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Part 4 – How to Scale up your VoD Operations: What do Good Products look like? Bespoke vs. Best of Breed?

If your business needs are totally unique in the world, then in-house development might be the only option available to you. But whilst we all like to think that we work for an exceptional company facing exceptional issues, in our experience, there is a huge commonality of needs in the industry. Mapping your end-to-end workflow should make that apparent, and cement the case for adopting products instead of bespoke development.

Yes, your business may face some unique challenges — often because of its particular history or strategy. But these should be addressed through the development of customisations and integrations with a well-defined narrow scope — rather than through the development of an all-encompassing bespoke solution. Imagine your company has a unique regulatory obligation to make its last x hours of audio-described original content available on free third-party platforms. This specialist requirement might not be met perfectly by any product on the market. But rather than embark on building a complete content ops solution from scratch, you should look for a productised solution and simply develop (or have developed) a small bespoke extension.

It is a key reason why any solution you choose should come with open data and robust APIs — typically nowadays in the form of web services. APIs will allow not only for systems integrations that reduce manual effort; they will also enable the development of any small custom component required to meet the unique needs of your business.

What Do Good Products Look Like?

You’ve mapped your content ops workflows. You’re wary of embarking on bespoke software development. So you’re looking at products on the market, where product maturity reduces your risk, and where the costs of development / enhancements / hosting / support are effectively shared. The key question is – What should you be looking out for in those products?

Software-as-a-Service (SaaS) is pretty much a given. Ability to work and collaborate from anywhere, ease of deployment and continuous software updates, predictable TCO, and costs of hosting and support properly mutualised, make SaaS a clear winner over on-premise solutions. And good SaaS today comes with enterprise- grade security and service levels.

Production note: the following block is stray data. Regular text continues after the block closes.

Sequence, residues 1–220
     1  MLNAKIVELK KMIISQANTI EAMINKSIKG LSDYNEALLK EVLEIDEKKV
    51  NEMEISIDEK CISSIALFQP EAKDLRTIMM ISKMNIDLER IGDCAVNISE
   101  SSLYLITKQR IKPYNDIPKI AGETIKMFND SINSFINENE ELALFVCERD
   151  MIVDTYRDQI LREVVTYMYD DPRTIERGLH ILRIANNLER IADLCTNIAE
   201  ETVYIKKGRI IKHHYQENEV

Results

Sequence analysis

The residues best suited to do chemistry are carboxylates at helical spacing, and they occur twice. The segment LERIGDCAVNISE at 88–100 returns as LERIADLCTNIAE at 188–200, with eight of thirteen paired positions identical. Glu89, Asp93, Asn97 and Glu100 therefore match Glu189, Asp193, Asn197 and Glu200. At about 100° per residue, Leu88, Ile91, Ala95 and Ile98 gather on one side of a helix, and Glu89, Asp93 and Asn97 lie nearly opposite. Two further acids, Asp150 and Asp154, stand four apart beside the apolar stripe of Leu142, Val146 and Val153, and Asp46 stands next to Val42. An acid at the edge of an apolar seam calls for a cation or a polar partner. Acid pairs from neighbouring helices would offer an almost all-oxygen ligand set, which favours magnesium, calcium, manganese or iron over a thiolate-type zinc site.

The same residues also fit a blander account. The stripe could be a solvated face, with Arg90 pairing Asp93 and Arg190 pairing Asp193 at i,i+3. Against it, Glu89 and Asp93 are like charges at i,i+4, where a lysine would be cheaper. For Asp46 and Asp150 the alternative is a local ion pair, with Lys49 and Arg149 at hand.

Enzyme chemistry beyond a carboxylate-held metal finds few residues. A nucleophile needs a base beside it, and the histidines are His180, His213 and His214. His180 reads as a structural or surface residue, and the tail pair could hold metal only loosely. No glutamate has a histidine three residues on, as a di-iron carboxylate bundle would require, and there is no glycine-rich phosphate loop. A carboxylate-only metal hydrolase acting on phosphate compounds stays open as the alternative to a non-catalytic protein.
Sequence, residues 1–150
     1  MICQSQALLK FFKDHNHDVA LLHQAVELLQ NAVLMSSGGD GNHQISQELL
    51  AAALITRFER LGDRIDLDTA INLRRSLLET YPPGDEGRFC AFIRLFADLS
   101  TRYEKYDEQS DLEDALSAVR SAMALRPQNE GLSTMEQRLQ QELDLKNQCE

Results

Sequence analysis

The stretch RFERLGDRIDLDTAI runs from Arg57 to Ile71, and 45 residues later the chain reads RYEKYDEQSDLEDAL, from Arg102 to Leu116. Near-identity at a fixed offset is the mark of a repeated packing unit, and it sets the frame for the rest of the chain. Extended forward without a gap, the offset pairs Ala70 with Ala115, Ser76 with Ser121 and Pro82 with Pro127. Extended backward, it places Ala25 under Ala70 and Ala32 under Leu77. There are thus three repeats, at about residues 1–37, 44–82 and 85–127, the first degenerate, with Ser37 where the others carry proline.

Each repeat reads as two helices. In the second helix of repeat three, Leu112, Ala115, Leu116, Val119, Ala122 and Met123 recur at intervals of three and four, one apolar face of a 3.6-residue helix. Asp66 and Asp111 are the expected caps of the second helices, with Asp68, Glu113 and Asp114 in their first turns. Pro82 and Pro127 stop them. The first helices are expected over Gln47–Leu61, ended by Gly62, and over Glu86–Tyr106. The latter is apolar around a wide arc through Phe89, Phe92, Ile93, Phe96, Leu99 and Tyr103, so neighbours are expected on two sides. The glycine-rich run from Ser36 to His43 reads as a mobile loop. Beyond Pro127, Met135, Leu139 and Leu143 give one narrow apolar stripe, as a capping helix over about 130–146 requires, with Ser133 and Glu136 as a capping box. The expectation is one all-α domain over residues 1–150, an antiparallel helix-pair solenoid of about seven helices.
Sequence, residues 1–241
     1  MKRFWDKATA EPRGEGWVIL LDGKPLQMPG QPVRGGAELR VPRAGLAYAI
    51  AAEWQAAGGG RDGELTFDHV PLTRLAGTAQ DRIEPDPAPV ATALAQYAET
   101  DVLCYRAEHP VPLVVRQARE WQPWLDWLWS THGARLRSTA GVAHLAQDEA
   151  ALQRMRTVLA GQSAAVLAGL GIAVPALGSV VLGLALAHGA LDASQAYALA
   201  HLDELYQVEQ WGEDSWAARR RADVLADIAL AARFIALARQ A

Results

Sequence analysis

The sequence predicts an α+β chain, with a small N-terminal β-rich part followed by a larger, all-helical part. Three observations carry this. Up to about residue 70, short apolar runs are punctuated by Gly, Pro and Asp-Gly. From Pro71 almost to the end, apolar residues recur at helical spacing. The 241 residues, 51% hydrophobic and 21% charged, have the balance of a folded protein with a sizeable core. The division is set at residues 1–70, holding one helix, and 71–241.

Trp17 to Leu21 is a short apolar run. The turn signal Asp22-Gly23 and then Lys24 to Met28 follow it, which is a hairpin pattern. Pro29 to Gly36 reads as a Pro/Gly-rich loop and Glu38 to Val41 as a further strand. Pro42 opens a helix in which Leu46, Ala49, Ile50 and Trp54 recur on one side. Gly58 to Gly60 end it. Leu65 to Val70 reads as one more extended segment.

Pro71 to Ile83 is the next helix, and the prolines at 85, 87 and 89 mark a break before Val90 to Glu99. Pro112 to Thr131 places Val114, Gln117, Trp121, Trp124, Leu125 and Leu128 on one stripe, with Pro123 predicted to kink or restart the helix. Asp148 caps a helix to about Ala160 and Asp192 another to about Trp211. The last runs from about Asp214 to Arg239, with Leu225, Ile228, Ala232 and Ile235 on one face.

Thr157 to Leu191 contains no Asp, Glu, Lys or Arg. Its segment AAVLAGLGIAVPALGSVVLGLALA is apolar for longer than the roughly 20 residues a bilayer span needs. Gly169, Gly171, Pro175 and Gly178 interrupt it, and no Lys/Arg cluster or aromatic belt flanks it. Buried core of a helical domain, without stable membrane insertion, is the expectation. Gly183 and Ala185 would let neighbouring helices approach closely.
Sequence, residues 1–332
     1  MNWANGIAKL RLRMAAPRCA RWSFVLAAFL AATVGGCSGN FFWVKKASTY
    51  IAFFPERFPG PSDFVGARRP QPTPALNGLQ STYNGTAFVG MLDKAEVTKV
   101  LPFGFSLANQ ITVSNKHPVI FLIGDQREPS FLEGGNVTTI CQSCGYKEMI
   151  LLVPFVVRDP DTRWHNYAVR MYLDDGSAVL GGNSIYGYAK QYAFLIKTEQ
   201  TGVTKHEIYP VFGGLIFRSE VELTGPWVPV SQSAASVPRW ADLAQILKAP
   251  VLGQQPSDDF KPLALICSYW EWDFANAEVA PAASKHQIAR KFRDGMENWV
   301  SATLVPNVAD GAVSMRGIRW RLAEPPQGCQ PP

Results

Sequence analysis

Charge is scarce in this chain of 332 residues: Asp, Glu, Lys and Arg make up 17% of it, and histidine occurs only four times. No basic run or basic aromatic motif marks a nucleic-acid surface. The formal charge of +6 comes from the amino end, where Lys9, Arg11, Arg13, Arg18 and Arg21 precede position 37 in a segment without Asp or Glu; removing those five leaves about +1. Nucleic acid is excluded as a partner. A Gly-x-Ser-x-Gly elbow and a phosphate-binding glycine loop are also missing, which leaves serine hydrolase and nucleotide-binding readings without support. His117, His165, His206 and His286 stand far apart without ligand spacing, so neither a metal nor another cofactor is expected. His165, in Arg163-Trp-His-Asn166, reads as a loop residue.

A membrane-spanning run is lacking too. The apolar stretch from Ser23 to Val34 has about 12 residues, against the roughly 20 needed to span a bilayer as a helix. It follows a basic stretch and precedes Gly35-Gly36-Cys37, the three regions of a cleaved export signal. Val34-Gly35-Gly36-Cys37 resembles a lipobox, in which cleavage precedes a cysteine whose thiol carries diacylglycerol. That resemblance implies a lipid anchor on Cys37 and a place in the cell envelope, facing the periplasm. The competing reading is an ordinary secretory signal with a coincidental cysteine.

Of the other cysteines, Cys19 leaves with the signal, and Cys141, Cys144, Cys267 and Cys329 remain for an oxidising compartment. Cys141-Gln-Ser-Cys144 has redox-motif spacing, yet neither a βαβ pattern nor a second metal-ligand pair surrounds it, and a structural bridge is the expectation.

More crucially, we believe in best–of-breed. There is no shortage of vendors promising to do everything for everyone: scheduling, rights, metadata, transcoding, subscriber management, app development, CDN, you name it. These one-stop shops may be perfect for small organisations with low technology capabilities, looking to outsource the problem entirely. However, relying on a single vendor for so much constitutes a significant business risk. And we believe it’s nigh impossible to be excellent at everything.

So we recommend selecting best-of-breed solutions for each part of your workflow. The good APIs mentioned above, and strong integration credentials from the selected vendors, will mitigate the integration risks.

As an aside, managing overall integration is exactly where your technology teams should be adding value. Your technology teams will also lead the development (internal or external) of any small component required to fill any functional gap identified between your requirements and the selected products. Selecting best-of- breed products means outsourcing much of your technology risks and costs, but doesn’t negate the need for your organisation to retain technology capabilities.

You should make sure the selected products truly are products. To benefit from low TCO and from all future product enhancements made by your vendors, it is crucial that your implementation isn’t running off an orphaned codebase that has been heavily customised for you. So you should ask your vendors: how many versions of their products they are supporting (the higher the number, the louder the alarm bell). And are they confident enough in their product approach to make their API documentation public?

You should ensure you use the selected products to their strengths. Don’t try to replicate your existing processes with new products. Instead, embrace how the selected products model the world. It might be different from your historical view, and it might significantly change how your teams work, but it is needed to realise the new efficiencies.

Watch this space for the final part in our series of How to Scale up your VoD operations: Rolling things out – It’s all about People… Coming Friday 1st July.

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